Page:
Monday, May 28, 2012

I Can’t Believe What Came Out of My Mouth

By Allen White

The lips of the wise spread knowledge, but the hearts of fools are not upright. Proverbs 15:7

Several years ago, my wife and I had a small group who met at our house. At the end of the meeting, two of the guys would always go out in front of our house and smoke. The rest of us guys were a little jealous. They seemed to have such a good time out there, but we weren’t tempted to take up smoking.

One day I was talking to another small group leader who was struggling with something in their group. I mentioned every group had something going on. After all, I had a couple of smokers in my group.

A week or so later, a member from this leader’s group came to me and said, “It must be embarrassing for you as a pastor to have two of your group members smoke in front of your house. What do your neighbors think?”

I said, “You know it’s really terrible. I sure wish they didn’t smoke. But, I hear some groups are full of gossips.” Okay, I actually didn’t say that, but how I wish I had. This group member wasn’t an evil person, but the gossiping certainly wasn’t upright.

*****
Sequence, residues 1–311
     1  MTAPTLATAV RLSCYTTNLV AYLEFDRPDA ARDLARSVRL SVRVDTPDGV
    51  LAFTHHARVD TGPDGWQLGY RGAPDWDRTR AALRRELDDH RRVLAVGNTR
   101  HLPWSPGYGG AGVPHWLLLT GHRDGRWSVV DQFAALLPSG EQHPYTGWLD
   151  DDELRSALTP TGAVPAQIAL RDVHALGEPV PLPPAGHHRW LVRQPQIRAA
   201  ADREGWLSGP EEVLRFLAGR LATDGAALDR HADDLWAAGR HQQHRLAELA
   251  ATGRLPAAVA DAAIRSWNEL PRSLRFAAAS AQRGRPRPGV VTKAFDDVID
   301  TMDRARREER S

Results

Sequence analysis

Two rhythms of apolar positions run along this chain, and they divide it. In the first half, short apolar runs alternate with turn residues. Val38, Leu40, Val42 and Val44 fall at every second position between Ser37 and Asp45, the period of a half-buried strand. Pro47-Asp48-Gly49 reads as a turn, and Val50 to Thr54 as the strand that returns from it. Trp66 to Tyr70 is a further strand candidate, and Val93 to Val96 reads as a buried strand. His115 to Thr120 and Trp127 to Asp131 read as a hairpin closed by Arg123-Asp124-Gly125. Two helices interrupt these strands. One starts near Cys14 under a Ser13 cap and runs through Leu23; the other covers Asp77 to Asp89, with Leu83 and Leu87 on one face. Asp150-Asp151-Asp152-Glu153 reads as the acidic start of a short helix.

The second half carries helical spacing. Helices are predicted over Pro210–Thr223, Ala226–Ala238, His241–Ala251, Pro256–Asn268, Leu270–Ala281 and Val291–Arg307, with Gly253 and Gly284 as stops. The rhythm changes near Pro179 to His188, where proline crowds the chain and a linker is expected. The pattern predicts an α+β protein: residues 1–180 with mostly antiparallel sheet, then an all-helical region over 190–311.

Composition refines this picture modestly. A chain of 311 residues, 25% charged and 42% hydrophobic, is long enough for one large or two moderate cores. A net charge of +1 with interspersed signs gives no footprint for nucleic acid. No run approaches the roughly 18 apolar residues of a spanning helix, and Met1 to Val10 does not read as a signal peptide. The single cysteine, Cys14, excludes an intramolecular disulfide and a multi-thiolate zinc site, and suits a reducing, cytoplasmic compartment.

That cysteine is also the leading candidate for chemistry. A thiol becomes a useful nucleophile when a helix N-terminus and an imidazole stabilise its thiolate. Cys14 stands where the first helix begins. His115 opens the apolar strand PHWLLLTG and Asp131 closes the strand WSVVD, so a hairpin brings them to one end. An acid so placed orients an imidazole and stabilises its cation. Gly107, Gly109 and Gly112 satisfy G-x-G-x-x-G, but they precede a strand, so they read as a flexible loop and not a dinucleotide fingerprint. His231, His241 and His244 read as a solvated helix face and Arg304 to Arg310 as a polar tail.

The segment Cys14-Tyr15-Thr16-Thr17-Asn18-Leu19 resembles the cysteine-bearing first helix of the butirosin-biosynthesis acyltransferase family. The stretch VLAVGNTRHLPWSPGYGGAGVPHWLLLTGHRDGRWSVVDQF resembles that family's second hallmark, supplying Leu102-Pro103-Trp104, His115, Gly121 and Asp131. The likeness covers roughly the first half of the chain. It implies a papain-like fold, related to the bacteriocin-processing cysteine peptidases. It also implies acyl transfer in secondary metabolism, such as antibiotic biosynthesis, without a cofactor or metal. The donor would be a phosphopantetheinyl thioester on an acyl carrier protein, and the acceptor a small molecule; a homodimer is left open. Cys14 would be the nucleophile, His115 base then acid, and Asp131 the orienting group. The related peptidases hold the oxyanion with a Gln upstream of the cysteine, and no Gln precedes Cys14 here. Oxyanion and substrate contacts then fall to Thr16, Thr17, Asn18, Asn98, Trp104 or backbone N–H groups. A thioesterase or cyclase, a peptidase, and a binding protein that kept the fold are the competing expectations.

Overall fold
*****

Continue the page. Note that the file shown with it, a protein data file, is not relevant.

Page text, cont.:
This proverb makes a connection between lips and hearts. The lips of the wise spread knowledge. Their hearts are set on helping other people and adding value to their lives.

Fools, however, have hearts that aren’t upright. How would anyone know? Jesus said, “A good man brings good things out of the good stored up in his heart, and an evil man brings evil things out of the evil stored up in his heart. For the mouth speaks what the heart is full of” (Luke 6:45). A fool’s lips betray the inclinations of his heart.

Often I pray the words of the Psalmist, “May these words of my mouth and this meditation of my heart
be pleasing in your sight, Lord, my Rock and my Redeemer” (Psalm 19:14). What is coming out of your mouth? The Bible clearly tells us these words come from the heart. How’s the condition of your heart?

We often use words to express frustration or anger. Whether we’re yelling and carrying on or masking our anger with sarcasm, our words betray a seething underneath. Other people typically can’t give us what we need in these situations.

More often than not, we should direct our angry, bitter and frustrated words to God. He won’t be offended. We won’t hurt his feelings. And, He won’t be surprised by how we’re feeling about things.

When we’re tempted to lash out or get others stirred up, we need to direct our words and thoughts to God. He knows our hearts. He understands us completely. And, God can help in ways no person ever could.

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